The first of two Maurizio Nannucci multiples produced by John Goodwin's Shark Editions (the second being an embosser the following year, with the text "Let's Talk About Art") is a billiard ball  engraved with the title. The artist would revisit the format a year later, for a work produced for Text Zur Kunst.

Tuesday, January 21, 2020

Dora García | Steal this book

Dora García
Steal this book
Paris, France: Paraguay Press, 2000
136 pp., 11 x 18 cm., softcover
Edition of 15000

Activist Abbie Hoffman published Steal This Book (pictured below) in April of 1971. By November of that year, the book - intended as a manual for survival in the counter culture and a guidebook for battling the government and large corporations  - had already sold a quarter of a million copies.

The title, initially off-putting to both publishers and booksellers who feared their customers would take it at face value, has become iconic. Several tribes and parodies exist, including Steal this Album (by the band System of a Down), Steal this Episode (the ninth episode of the 25th season of The Simpsons) and Steal This Film, a documentary about piracy. Hoffman himself revisited the title with Steal This Urine Test, sixteen years later. Steal This Movie! is a biopic starring Vincent D'Onofrio and Janeane Garofalo as Abbie and Anita Hoffman.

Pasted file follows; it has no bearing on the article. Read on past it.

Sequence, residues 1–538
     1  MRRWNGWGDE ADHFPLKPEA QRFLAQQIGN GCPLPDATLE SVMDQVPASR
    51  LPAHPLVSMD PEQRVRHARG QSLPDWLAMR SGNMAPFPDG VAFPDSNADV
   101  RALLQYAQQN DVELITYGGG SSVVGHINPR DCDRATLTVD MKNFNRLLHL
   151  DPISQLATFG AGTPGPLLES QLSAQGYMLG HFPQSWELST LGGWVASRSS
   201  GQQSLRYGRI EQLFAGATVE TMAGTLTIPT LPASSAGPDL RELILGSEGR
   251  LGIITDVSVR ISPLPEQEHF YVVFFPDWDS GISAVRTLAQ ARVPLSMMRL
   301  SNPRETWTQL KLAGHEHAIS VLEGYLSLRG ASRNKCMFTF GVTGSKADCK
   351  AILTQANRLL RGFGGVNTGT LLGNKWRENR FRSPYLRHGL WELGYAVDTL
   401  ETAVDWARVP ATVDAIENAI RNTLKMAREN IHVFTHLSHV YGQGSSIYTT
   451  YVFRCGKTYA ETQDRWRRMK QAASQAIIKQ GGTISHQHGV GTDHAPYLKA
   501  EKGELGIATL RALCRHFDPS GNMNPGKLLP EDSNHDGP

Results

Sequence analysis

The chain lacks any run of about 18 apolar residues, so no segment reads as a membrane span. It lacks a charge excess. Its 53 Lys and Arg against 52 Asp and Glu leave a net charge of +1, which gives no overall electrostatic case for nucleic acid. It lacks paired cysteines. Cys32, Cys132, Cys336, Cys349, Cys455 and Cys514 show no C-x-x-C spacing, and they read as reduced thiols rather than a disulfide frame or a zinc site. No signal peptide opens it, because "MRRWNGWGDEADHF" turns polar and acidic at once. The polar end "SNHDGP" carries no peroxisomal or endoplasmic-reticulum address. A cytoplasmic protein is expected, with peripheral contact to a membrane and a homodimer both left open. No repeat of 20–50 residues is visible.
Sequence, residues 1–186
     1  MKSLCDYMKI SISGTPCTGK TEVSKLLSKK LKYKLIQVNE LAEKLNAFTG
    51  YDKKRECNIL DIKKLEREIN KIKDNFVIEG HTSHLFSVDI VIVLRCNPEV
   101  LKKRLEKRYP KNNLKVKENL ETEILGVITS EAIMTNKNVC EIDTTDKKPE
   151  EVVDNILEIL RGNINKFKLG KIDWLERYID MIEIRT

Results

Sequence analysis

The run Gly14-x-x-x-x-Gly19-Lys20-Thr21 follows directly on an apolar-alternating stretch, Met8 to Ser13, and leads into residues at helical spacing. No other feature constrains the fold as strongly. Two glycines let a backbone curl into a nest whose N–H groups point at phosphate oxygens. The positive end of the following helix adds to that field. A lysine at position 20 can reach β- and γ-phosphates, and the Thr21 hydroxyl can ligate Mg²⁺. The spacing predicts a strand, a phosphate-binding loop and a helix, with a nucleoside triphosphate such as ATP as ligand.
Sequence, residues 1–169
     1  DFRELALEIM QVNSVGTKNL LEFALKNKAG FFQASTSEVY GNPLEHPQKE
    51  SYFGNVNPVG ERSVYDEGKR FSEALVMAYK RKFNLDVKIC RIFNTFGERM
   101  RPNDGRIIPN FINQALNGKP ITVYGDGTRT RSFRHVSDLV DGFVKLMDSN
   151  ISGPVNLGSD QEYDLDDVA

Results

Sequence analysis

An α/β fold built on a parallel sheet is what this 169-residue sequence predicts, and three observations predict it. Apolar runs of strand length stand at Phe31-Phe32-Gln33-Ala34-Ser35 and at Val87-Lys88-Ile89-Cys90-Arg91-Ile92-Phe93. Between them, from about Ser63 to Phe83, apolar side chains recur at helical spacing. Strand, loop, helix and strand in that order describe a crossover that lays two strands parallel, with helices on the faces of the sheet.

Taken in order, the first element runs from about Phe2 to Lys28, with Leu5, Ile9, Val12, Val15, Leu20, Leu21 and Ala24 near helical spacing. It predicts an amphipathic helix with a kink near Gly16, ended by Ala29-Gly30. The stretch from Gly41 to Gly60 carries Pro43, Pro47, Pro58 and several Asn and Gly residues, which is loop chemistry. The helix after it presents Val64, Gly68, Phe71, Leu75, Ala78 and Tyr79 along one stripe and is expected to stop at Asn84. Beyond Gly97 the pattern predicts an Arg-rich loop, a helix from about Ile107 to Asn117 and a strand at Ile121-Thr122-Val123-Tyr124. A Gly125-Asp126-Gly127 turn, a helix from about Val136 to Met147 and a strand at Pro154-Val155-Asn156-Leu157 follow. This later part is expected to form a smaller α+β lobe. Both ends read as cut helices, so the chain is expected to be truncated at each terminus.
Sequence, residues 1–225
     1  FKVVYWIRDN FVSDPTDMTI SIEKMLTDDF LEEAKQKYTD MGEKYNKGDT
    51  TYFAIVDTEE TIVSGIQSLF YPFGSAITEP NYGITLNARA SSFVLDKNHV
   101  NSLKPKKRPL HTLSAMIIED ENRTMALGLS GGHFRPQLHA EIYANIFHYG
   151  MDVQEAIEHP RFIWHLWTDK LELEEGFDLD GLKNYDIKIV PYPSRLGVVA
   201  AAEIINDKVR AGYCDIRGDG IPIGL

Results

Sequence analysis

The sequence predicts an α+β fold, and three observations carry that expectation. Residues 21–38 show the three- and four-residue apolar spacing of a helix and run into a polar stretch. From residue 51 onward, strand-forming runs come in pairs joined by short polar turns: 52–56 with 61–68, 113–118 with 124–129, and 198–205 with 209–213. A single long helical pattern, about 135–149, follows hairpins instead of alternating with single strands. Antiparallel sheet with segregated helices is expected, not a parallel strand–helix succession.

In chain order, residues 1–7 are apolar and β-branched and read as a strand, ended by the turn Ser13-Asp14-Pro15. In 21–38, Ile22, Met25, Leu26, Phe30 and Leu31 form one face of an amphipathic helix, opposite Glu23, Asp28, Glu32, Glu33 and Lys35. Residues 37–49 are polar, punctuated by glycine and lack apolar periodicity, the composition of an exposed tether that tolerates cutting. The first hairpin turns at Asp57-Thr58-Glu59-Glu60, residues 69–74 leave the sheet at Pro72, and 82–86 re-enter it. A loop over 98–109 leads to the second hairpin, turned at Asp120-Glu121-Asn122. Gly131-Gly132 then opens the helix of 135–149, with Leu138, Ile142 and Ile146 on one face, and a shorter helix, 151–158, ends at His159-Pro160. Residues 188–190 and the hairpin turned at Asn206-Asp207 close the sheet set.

Dora García's book pays tribute to Hoffmann’s, and documents eleven of her then-recent performative projects. The title presents the private correspondence of the artist with the various interpreters of the situations she sets up in public spaces. Questions, misunderstandings and even arguments arise, giving voice to the collaborative nature of her practice. It functions as s record of a body of work, but without the authoritative voice of the artist, curator or critic.

The book is presented in exhibitions as a cross between the free take-away posters of Felix Gonzalez-Torres, and the proposed theft of Hoffman's original. It is also available in bookstores, and can be purchased from Printed Matter for $18.000 US, here.

Friday, January 17, 2020

Louise Lawler | Matchbook for Carnegie International 1991

Louise Lawler
Matchbook for Carnegie International 1991
Pittsburgh, USA: Carnegie Museum of Art, 1991
4.9 × 5.1 × 0.8 cm.
Edition size unknown

Thursday, January 16, 2020

Richard Long | Twelve Works 1979 - 1981

Richard Long
Twelve Works 1979 - 1981
London, UK: Coracle/D'Offay, 1981
32 pp., 14 x 19.4 cm., clothbound
Edition of 250 signed and numbered copies

An artist book produced in conjunction with an exhibition at the Anthony d'Offay gallery in 1981. The title reproduces the texts of twelve walking works. The above is the special hard-cover edition with embossed boards, each copy signed and numbered in red crayon on the colophon page.